The Hague-based tribunal added that China had violated the Philippines’ sovereign rights by interfering with its fishing and petroleum exploration, constructing artificial islands, and failing to prevent Chinese fishermen from fishing within the country’s EEZ.

The Philippines first instituted arbitral proceedings against Beijing on Jan. 22, 2013, following a tense standoff at Panatag.

In May 2022, newly elected President Ferdinand Marcos Jr. stated that he would uphold the landmark decision and not let China trample on the country’s maritime rights.

Chinese Foreign Ministry spokesperson Wang Wenbin said in July of that same year that the arbitral ruling violated international law, including Unclos, making it “illegal, null and void.”

He added that they were “upholding international law” by neither upholding nor recognizing the ruling. He warned that they would address attempts to infringe on their sovereignty, rights and interests in accordance with the law.

Wang’s reaction came after the Philippines while marking the sixth anniversary of the 2016 ruling, said it was “final” and “indisputable.”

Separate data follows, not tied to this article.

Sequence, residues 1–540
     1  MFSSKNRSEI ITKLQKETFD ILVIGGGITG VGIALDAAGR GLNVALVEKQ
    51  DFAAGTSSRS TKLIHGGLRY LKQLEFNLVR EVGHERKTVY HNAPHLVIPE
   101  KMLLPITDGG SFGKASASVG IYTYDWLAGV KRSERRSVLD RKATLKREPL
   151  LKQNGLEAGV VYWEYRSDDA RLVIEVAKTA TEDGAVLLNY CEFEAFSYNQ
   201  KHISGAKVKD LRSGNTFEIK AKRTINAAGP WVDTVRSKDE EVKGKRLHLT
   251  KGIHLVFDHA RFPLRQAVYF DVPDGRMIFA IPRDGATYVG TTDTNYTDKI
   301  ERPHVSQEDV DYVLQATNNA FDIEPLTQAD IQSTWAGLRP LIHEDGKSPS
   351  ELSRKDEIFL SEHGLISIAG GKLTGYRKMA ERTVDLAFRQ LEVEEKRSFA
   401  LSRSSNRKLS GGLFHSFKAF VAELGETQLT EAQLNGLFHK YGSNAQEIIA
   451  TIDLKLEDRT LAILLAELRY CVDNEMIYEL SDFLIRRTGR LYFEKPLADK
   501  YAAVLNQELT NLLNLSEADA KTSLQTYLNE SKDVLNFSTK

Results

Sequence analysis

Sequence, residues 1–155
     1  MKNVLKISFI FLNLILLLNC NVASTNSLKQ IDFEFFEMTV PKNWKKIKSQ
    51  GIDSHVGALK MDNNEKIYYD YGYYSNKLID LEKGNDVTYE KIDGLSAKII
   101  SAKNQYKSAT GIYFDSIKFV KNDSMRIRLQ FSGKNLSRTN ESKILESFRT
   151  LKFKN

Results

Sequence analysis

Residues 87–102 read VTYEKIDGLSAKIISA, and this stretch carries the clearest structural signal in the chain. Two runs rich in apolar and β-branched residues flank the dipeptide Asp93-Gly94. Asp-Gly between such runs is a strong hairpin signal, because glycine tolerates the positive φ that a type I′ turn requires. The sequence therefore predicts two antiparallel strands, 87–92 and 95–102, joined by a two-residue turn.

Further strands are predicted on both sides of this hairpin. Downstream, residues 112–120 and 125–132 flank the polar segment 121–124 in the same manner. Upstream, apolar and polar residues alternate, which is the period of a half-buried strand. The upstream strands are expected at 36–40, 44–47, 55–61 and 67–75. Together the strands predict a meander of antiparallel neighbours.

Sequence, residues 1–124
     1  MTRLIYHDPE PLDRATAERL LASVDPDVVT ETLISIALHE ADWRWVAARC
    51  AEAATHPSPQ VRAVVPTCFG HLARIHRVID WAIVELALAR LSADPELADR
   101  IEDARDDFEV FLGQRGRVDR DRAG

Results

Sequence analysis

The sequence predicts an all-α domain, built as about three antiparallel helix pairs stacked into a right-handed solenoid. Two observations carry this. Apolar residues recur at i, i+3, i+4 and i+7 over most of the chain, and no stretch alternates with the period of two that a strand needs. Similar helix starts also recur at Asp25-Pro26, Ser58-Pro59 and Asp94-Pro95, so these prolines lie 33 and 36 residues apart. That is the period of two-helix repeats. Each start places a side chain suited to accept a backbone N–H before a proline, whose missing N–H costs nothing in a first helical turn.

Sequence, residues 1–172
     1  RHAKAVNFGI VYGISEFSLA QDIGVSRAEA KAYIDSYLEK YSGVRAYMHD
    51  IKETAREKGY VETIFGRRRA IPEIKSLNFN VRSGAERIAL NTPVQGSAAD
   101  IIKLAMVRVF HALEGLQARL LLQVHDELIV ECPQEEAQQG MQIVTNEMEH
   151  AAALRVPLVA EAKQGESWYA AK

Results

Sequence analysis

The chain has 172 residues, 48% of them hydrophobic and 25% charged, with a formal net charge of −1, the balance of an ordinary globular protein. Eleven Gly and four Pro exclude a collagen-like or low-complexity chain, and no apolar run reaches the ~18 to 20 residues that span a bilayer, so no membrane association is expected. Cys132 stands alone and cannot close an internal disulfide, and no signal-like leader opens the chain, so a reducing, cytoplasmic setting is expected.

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In July 2023, the Chinese Embassy in the Philippines accused the United States of being the “mastermind” behind the arbitration while forcing China to accept the ruling.

In March this year, amid China’s persistent hostile behavior in the West Philippine Sea, including its water cannon attacks on Filipino vessels conducting resupply missions, the Department of Foreign Affairs reiterated that the arbitral award was “final and binding.” —with a report from Inquirer Research.

TAGS: EEZ, Francis Tolentino, Hague Tribunal, International Tribunal for the Law of the Sea, Risa Hontiveros, Unclos